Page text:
Marketing outlook: A shift to at-home consumers
The World Advertising Research Council says it will take at least two years for the global advertising market to recover fully, and it expects the priorities of marketers this year to be e-commerce and responding to the needs of people in their homes
Battered last year by the Covid-19 restrictions on business, the marketing fraternity, globally and locally, is poised for a better 2021.
The World Advertising Research Council (Warc) says in its latest report that recovery is apparent across most of the indices that make up its global marketing index, as businesses worldwide regain confidence that economies are improving. Last year began in slight decline, with a dramatic drop in the index over the first half, reaching a record low in May. But 2020 ended with three consecutive months of growth.
However, Warc believes it will take at least two years for the global advertising market to recover fully, driven mainly by larger digital and mobile budgets. TV remains a resilient channel. And radio, out-of-home and press budgets have started a slow recovery.
Cautious optimism is also being voiced by the local marketing sector, though hard work lies ahead. Ogilvy MD of public relations & influence Sara Butchart says: "More than ever, 2020 has shown us the importance of top talent. If you’re not investing in people — and that means a lot more emphasis on communication — you are unlikely to succeed."
Butchart says one of Ogilvy’s key trends for 2021 globally is the connection between employee experience and business growth. "Marketers are realising that with the loss of the grapevine and water cooler — informal channels — there is a major gap in employee understanding, engagement and alignment to purpose. They are looking inside their organisations for their employees to be advocates of brand and business messaging in the face of declining budgets." So, effective marketing this year will be about personal engagement, whether from a journalist, a blogger, a celebrity, a business leader, a stakeholder or an employee.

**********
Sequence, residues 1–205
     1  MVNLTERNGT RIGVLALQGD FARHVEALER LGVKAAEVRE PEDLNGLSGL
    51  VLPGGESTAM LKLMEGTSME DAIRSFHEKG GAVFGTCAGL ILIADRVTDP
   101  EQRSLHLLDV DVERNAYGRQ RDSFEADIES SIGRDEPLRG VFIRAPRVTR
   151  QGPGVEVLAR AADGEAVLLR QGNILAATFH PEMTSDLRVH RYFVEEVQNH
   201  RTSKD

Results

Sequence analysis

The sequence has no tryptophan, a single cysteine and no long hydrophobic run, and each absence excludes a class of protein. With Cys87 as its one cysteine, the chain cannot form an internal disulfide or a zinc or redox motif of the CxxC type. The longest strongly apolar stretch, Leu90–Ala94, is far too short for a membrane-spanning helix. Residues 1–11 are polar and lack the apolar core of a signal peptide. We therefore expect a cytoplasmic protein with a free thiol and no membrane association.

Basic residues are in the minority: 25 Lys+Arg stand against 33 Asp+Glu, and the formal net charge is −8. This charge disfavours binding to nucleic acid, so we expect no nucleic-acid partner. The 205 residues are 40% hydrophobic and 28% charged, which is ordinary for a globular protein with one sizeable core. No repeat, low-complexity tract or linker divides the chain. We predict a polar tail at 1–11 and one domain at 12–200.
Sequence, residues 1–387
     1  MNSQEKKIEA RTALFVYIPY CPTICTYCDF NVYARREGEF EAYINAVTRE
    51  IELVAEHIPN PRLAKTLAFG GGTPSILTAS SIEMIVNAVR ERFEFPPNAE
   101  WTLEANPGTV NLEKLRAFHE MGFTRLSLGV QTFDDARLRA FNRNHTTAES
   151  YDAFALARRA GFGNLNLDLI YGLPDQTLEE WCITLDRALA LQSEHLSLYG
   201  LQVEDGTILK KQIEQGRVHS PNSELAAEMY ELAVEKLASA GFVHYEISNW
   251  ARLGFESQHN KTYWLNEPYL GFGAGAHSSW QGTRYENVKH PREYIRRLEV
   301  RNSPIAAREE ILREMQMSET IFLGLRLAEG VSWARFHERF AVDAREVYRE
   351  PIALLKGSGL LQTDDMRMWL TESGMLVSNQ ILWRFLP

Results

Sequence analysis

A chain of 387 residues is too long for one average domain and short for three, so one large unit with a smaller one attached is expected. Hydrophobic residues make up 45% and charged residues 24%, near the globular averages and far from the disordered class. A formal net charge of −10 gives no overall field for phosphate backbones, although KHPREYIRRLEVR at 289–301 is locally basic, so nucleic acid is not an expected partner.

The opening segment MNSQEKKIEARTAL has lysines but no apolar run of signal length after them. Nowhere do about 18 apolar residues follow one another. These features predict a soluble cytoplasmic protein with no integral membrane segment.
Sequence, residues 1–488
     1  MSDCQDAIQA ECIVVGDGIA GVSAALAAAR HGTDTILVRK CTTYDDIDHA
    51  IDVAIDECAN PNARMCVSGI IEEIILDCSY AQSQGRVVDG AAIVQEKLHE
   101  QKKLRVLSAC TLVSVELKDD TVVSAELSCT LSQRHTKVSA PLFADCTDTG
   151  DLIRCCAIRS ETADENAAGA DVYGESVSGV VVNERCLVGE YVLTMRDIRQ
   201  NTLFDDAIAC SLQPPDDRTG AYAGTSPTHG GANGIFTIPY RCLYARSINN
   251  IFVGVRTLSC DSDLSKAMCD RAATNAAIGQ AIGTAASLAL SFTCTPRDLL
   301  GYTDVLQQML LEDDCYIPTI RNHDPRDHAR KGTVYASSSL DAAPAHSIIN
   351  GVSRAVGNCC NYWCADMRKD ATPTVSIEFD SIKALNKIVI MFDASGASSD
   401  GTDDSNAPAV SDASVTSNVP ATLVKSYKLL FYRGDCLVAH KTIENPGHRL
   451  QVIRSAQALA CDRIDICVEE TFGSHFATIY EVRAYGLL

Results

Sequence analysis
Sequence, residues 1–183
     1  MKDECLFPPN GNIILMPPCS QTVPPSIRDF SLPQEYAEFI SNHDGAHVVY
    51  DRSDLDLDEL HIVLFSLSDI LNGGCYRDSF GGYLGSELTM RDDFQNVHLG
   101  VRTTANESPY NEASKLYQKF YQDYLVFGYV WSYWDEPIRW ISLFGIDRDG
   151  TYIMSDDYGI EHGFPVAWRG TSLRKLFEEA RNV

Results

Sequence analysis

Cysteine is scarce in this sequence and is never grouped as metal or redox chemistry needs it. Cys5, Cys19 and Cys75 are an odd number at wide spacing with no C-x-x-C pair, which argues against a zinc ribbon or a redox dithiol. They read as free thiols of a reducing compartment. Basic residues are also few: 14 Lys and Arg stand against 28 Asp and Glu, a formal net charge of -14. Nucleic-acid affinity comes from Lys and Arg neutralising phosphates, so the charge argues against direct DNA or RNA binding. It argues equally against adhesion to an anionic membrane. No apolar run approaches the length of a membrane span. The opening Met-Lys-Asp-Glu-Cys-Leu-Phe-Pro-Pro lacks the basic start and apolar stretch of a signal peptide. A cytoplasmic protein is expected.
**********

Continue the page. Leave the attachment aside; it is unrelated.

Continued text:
A balance between digital marketing tactics and real voices is also important. Veteran marketing strategist Thomas Oosthuizen says that last year many brands used budgets to empathise with their customers. "I am not sure consumers will even remember who said what. To many consumers, brands just disappeared. So unless they still address basic consumer needs they will erode even more. Social commentary is not the reason people buy the vast majority of brands." For marketers to maintain a strong recovery, consumers need value with something extra. Oosthuizen advocates co-operative marketing of different and noncompeting brands working in unison.
Dale Hefer, CEO of the Nedbank Integrated Marketing Conference, says marketers need to do their best with the knowledge available and should not become disheartened by things that are out of their control.
The pandemic has engendered a culture of instant gratification, Hefer adds. "Customers have seen how the digital bar has been raised, and expect this level of innovation and service across the board. To deal with this, marketers need to keep exploring ways to deliver better and faster."
Hefer believes one of the main drivers of marketing success this year will be an accelerated social media strategy. "Creating relationships through social media platforms via promotions, relevant content sharing and appropriate influencer activity is critical."
Warc cautions that while marketing budgets are expected to be up this year on 2020, they won’t necessarily increase on 2019. There is growing pressure on brand investment, agency and vendor fees and sponsorship. The council says the pandemic has accelerated e-commerce, and most marketers consider responding to this trend a priority.
Engaging at-home consumers is another key focus. "With restrictions on consumers in many major markets expected to last well into 2021, the at-home lifestyle will remain a driver of change … For brands, this means discovering where and how to become a welcome part of consumers’ at-home lives."
However, marketing website CMSWire says there could be a snapback to in-store shopping, or a version of it. Consumers who don’t feel safe in stores due to Covid will try to relive the experience digitally and are more likely to use apps that create an experience they miss and want.
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